Determination of optimal time window for cortical mapping in awake craniotomy: assessment of intraoperative reaction speed

  • Dziugas MeskeleviciusEmail author
  • Artur Schäfer
  • Jasmin  Katharina Weber
  • Lisa Hegmann
  • Lisa Haddad
  • Marcel Alexander Kamp
  • Bernd Mainzer
  • Marion Rapp
  • Hans-Jakob Steiger
  • Michael Sabel
Original Article


Currently, there is no known time frame when the patients are the most responsive during awake craniotomy. The aim of this work is therefore to determine when the patient has the shortest reaction time and so to extrapolate the optimal time window for cortical mapping. In this analytic observational study, our group has recorded the reaction times of 35 patients undergoing an awake craniotomy and compared them with the preoperative baseline. The operations were performed according to a “sleep–awake–awake” protocol. Data collection was performed in parallel with standard methods for evaluation of language and cognitive functions. The preoperative reaction times of our patient cohort (average ± SD = 510 ± 124 ms) were significantly shorter than those measured during the operation 786 ± 280 ms, p < .001. A one-factor ANOVA within subjects showed a significant increase in reaction times; p < .001. Post hoc comparisons on a Bonferroni-corrected α-error level of .05 showed significant differences between the reaction speed during the 0–10 min time frame and the preoperative baseline, as well as the intraoperative reaction times during the 20–30 min, 30–40 min, and the t > 40 min time frames. In conclusion, measurement of intraoperative reaction speed seems to be a technically feasible method that is well tolerated by the patients. The intraoperative reaction speed performance was shown to be significantly slower than on the day before the operation. The patients seem to be the slowest directly after extubation and gradually wake up during the awake phase. The poorest wakefulness is demonstrated during the first 20 min after extubation.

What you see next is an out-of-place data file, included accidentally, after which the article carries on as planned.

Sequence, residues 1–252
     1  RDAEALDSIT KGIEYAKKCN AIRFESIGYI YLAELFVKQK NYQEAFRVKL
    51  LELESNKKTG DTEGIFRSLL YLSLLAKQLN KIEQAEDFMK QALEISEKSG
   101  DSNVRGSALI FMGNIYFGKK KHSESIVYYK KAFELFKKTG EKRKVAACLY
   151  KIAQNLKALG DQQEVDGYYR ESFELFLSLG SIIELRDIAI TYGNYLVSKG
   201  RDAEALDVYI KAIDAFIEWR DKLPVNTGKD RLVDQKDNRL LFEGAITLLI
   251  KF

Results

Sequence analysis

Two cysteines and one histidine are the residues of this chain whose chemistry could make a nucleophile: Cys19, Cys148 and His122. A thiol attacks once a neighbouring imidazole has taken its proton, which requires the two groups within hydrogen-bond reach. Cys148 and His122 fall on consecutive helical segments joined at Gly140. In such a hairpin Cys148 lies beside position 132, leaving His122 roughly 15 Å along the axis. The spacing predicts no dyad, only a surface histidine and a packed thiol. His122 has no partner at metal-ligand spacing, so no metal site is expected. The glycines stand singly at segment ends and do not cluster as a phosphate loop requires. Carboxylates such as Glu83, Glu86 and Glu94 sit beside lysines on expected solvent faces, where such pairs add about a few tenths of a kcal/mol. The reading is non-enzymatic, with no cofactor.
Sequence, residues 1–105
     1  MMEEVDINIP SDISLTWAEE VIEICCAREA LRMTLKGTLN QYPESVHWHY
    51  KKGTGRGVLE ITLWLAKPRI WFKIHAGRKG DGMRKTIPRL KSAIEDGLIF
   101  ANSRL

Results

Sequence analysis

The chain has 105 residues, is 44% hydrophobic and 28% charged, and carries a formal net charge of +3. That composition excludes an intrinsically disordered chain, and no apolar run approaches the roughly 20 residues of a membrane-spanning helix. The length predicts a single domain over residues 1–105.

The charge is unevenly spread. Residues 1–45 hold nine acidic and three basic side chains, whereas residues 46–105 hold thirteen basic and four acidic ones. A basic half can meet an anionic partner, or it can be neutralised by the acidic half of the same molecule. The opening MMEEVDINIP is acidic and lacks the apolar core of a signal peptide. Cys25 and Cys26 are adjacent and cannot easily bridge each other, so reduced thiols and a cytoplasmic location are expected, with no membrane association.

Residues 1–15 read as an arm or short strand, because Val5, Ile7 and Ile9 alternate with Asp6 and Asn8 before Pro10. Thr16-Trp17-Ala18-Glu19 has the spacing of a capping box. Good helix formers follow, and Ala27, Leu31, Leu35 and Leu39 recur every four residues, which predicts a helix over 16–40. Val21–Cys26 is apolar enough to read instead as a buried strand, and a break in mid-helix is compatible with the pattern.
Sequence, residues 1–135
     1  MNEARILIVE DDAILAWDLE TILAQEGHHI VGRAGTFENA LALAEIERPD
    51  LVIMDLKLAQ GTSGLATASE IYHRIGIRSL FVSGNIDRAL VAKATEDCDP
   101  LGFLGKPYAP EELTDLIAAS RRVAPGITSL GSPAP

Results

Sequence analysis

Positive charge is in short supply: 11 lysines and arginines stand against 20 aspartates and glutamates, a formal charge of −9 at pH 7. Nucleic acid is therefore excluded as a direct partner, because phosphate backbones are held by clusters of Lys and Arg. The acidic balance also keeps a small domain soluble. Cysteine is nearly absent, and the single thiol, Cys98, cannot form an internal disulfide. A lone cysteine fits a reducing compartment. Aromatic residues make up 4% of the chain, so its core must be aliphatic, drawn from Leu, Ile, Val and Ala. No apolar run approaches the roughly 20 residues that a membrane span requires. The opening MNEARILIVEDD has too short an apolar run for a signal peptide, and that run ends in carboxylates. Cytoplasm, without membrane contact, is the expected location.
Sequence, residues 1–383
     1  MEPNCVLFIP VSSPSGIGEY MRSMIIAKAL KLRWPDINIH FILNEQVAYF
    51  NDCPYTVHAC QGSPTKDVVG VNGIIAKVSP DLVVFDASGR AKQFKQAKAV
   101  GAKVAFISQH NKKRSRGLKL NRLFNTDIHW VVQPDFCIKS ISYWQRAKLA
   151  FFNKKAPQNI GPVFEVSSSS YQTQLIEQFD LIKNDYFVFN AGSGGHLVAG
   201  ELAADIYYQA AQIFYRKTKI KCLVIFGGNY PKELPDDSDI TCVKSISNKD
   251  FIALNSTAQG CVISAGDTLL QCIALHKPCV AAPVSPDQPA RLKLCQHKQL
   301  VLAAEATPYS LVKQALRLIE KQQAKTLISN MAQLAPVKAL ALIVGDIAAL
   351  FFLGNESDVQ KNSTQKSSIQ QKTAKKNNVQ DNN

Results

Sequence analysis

Awake craniotomy Cortical mapping Reaction time Wakefulness GBM Cerebral metastasis 


Compliance with ethical standards

Ethical statement

The authors declare that there is no conflict of interest. Local ethical committee granted the approval for this study, internal study number: 6076R. It was conducted in compliance with the Helsinki declaration and under conditions of good scientific and clinical practice. Informed consent was obtained from the study participants.


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Copyright information

© Springer-Verlag GmbH Germany, part of Springer Nature 2019

Authors and Affiliations

  • Dziugas Meskelevicius
    • 1
    Email author
  • Artur Schäfer
    • 1
  • Jasmin  Katharina Weber
    • 1
  • Lisa Hegmann
    • 1
  • Lisa Haddad
    • 1
  • Marcel Alexander Kamp
    • 1
  • Bernd Mainzer
    • 2
  • Marion Rapp
    • 1
  • Hans-Jakob Steiger
    • 1
  • Michael Sabel
    • 1
  1. 1.Department of NeurosurgeryUniversity Hospital DusseldorfDusseldorfGermany
  2. 2.Department of AnesthesiologyUniversity Hospital DusseldorfDusseldorfGermany

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